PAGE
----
Pâte à Choux (Eclairs, Etc.)

(Note: Pâte à choux is used to make cream puffs, eclairs and gougères. If making gougères, follow the recipe below only until the dough has been made and then use this recipe for gougères.)

The following recipe makes approximately 30 (3″) buns to be used for cream puffs or eclairs.

1/2 cup whole milk
1/2 cup water
100 grams of butter
1/2 tsp salt
150 grams of flour
4 eggs

Heat the oven to 375-400 degrees.

Melt butter over medium heat. Add milk and water, bring to a boil. Remove from the heat and add flour and salt all at once (this is very important). Stir until a paste forms (known as panade). But the mixture back on the heat for a bit until the it appears to crumb/flake a bit when you run a spatula over it.

Move the panade to a stand mixer. On low, turn the panade for a bit to get out the heat (you should be able to comfortably touch the metal mixing bowl). Beginning with two eggs, slowly add the eggs to the panade (the mixer should be on medium-low speed). The panade will separate and look a bit gooey. When it comes back together, add the next egg and repeat process. On the fourth egg, first beat it up some, then slowly add part of the egg. The choux paste is ready when it slumps/slides away from the paddle into a “V” shape or point. Keep adding the fourth egg until the choux paste slides away from the paddle. (Note: depending on the egg size used, it may take all or just part of the fourth egg).

Put the choux paste into a pastry bag fitted with a #5 tip (See “Using Pastry Bags” below). Place dabs of dough on the baking sheet, then place a piece of parchment paper on the dabs. This will hold down the parchment paper when the buns bake.

Pipe the choux buns into small tall rounds or into small, three-inch long finger shapes. Brush each bun with an egg wash, then make light fork marks on each bun. To make the fork marks, gently press down on the bun with the fork’s tines. Here is approximately how the piped buns should look:

Bake the choux buns in a hot oven (375 – 400 degrees) for approximately 15 – 18 minutes (but it could take up to 20 or 22 minutes). Do not open the oven during this time. Look for browning. After a few more minutes check for firming. Once nicely browned and firm, the choux buns are ready to take out of the oven. Here is what baked choux buns look like:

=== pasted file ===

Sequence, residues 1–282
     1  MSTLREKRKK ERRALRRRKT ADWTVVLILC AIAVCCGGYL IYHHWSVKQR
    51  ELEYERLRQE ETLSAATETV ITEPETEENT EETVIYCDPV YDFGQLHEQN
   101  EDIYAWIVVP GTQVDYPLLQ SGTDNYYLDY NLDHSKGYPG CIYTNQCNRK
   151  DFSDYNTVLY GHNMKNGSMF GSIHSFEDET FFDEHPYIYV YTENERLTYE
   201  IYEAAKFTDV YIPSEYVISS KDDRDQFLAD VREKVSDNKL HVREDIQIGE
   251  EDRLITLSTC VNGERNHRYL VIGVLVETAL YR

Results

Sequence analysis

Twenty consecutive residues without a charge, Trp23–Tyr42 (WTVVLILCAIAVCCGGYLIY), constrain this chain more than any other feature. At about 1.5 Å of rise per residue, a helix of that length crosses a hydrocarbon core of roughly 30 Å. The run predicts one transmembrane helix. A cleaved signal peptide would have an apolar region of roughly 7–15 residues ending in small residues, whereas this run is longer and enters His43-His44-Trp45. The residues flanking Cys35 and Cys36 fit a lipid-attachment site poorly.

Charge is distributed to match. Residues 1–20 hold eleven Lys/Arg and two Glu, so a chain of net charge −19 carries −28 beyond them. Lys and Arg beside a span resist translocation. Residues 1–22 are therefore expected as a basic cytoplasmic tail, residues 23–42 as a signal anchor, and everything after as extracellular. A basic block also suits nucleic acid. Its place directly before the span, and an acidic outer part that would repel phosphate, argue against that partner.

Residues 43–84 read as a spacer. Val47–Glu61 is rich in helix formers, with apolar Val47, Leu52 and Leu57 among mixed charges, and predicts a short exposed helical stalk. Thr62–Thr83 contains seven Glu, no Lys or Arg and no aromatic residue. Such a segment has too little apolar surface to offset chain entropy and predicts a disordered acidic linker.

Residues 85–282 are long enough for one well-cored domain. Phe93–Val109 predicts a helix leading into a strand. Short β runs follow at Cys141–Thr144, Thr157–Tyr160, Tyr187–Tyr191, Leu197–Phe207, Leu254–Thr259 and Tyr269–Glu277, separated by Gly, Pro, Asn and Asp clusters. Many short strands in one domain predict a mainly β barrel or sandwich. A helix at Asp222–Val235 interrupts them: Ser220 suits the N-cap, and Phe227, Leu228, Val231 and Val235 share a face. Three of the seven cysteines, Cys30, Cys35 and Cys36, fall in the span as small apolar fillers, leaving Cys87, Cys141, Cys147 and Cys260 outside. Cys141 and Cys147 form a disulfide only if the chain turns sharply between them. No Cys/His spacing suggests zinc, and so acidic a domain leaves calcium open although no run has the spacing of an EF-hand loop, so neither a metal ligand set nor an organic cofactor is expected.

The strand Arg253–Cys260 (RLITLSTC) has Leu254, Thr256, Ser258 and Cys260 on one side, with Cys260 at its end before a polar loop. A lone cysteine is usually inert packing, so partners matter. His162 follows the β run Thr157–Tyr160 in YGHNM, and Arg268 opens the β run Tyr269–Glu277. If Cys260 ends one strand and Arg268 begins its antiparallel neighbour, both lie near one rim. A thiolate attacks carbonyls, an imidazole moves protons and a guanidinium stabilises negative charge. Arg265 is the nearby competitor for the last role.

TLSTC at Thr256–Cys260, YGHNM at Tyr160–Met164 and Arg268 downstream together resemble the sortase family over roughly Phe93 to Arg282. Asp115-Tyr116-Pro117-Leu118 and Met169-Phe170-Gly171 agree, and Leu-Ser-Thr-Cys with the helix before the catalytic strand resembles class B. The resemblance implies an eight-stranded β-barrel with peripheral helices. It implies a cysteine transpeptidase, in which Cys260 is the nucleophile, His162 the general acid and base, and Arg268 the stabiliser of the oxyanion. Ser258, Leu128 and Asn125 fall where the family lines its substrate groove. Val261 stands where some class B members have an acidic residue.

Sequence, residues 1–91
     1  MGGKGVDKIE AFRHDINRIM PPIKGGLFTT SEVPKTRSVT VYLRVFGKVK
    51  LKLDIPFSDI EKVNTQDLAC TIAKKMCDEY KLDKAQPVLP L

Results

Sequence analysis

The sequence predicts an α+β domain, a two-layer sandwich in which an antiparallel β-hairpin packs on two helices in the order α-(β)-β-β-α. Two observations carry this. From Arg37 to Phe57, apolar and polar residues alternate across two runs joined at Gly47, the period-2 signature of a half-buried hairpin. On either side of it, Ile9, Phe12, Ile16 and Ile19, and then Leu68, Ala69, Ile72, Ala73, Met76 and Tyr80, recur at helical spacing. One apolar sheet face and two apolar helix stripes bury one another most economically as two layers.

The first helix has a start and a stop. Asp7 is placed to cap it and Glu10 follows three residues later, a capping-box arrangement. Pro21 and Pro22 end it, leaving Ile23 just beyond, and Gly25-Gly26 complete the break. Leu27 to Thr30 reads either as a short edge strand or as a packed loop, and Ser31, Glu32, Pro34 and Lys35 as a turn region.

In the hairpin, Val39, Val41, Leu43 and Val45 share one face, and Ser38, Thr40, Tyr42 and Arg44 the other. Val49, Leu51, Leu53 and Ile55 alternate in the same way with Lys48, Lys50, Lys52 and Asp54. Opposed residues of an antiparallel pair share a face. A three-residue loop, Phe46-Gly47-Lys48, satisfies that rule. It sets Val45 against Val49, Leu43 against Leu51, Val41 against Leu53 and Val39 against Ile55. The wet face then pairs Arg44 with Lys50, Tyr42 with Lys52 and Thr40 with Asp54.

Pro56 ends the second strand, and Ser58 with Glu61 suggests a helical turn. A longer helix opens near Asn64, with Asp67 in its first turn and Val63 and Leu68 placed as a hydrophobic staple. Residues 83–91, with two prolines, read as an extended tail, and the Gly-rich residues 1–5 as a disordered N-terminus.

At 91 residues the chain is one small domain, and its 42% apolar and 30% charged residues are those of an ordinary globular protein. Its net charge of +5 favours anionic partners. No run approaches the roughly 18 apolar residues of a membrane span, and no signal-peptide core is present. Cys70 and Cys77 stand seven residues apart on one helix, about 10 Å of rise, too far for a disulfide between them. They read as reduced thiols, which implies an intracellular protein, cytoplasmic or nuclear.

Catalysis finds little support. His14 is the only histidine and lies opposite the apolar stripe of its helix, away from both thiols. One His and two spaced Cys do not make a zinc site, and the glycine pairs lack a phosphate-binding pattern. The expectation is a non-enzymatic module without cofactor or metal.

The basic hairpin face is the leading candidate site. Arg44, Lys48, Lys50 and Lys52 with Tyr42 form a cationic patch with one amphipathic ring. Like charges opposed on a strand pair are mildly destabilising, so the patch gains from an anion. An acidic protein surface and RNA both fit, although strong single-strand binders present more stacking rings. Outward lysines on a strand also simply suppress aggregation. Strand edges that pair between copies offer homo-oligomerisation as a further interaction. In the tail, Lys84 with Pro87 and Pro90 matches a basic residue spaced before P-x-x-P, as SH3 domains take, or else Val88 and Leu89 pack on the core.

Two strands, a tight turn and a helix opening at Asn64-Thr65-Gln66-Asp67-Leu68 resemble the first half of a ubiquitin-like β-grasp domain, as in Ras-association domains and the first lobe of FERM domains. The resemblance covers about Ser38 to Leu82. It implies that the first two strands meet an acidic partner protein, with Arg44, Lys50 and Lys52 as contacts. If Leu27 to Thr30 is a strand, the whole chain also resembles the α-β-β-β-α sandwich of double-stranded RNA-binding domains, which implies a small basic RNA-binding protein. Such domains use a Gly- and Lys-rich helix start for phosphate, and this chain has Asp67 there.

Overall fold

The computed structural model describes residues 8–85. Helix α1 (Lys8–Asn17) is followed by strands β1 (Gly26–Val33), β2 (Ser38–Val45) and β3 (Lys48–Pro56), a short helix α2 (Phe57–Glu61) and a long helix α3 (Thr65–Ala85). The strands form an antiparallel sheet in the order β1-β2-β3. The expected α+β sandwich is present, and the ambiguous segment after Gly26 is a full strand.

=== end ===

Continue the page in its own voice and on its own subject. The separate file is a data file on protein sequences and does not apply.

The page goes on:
Recipe Notes:
– The egg wash and fork marks process after the bun has been piped is very important. This is part of the reason for my past failures. I either didn’t remember this step or did it in a backwards order. (Egg wash THEN fork marks.)

– Don’t freeze choux paste. But for some reason it is alright to freeze the gougere dough (which is choux paste with cheese, herbs and spices). I didn’t ask why this is, but I should.

– Choux buns should be frozen if they aren’t being used right away. Put the baked choux buns in a box or plastic storage bag. They may be frozen for up to three months. When ready to use, bring back in a 300 degree oven until ice crystals dissolve.

Using Pastry Bags

– Always use a bigger pastry bag than you think you will need. I bought 12″ pastry bags at Sur la Table – way too small.

– To prepare the bag, cut off the tip and insert the pastry tip (#5 tip for choux buns) into the cut end. Twist the bag right above the large end of the tip and stuff the twisted bag into the tip. This keeps the dough from coming out while you fill the bag.

– To fill the bag, roll down the bag about halfway to make a cuff, then fill the bag half full with the choux paste. Twist the bag at the top. This is now a “locked” pastry bag.

– Hold the bag in the palm of your hand and gently press. The bag will expand out from the tip (where it was twisted) while that end fills with dough. Slowly continue to press the dough out into the bun shapes.

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